Again his stay at the front was brief: a shot in the arm on 20 May 1915 by Kiernica was the last action he saw in the war. After some months in hospital and a period of Urlaub he was assigned to k.u.k Heeresbahn Süd in Belgrade. In 1917 Adamička contracted typhus and died 3 November 1917 at the age of 41, at k.u.k. Reservespital "Brčko" in Belgrade.
Gott strafe England
Hauptmann Adamička is the main character in the short-story Gott strafe England by Jaroslav Hašek, first published in Československý voják in Kiev on 15 October 1917. Here he is mercilessly pilloried as a lunatic who promotes the slogan Gott strafe England at every opportunity[a]. In this story Adamička initially has the role as head of the School for one-year volunteers (Einjährig-Freiwilligerschule) in Budějovice, and his Qualifikationsbeschreibung confirms that this was indeed his position at the time when Jaroslav Hašek joined IR 91.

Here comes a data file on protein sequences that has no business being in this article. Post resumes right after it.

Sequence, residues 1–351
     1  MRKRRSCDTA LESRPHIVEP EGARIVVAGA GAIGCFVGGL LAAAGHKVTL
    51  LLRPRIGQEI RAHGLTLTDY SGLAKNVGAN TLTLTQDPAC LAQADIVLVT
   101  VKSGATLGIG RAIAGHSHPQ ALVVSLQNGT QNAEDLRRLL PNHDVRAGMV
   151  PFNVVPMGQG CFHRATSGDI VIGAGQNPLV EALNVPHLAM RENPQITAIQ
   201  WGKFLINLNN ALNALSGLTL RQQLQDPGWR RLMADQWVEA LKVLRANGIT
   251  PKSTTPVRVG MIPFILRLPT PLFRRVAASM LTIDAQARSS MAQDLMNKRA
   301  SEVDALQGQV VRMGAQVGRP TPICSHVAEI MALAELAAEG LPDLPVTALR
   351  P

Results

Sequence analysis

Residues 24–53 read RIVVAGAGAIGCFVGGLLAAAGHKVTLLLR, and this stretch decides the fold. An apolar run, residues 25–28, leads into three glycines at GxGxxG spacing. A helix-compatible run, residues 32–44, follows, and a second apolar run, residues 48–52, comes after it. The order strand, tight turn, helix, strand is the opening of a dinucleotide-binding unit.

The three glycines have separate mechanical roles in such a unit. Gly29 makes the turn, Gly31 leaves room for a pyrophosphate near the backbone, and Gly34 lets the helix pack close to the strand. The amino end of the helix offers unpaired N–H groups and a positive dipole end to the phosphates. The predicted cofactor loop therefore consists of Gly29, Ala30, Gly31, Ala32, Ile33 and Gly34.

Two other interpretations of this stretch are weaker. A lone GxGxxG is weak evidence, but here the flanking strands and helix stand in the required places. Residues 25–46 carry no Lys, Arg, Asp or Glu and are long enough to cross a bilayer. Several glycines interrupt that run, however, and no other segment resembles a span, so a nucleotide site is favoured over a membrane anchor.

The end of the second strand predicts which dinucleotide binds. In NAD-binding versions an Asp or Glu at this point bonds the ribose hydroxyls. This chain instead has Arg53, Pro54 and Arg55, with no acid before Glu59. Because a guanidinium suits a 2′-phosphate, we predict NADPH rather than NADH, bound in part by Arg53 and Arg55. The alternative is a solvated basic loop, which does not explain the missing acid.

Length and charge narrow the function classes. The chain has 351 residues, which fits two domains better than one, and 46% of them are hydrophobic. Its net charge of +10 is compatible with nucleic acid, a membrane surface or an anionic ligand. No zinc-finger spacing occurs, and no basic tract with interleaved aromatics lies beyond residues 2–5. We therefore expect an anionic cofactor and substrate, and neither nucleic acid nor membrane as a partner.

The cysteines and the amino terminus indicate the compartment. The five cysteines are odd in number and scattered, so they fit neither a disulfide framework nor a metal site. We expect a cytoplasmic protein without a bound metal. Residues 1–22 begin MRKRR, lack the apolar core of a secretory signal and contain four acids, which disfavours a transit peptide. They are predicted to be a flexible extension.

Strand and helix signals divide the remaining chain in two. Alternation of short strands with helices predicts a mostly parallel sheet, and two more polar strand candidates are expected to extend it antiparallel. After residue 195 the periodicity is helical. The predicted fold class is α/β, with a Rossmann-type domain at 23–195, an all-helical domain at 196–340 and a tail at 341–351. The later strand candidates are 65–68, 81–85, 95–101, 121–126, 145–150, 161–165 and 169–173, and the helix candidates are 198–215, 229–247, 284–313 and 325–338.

The story also reveals that he has a brother in the Prague police force. This is also a fact: his brother Ladislav, born 1871, was employed by the police. Hašek’s story can of course not fully qualify as a trusted source of information, but at least parts of it appear authentic. Other sequences are however pure invention: he lets Hauptmann Adamička go mad and join k.u.k. Infanterieregiment Nr. 75, and then lets him get captured during the battle by Zborów. Clearly none of this could have been the case because he served in Belgrade at the time of the battle (2 July 1917).
Quote(s) from the novel
Sources: VÚA, Franta Hofer, Jaroslav Šerák
|a||Gott strafe England||15.10.1917 (28.10)|
|*24.6.1876 Dębica - †3.11.1917 Beograd|
|© 2009 - 2021 Jomar Hønsi||Last updated: 19.10.2021|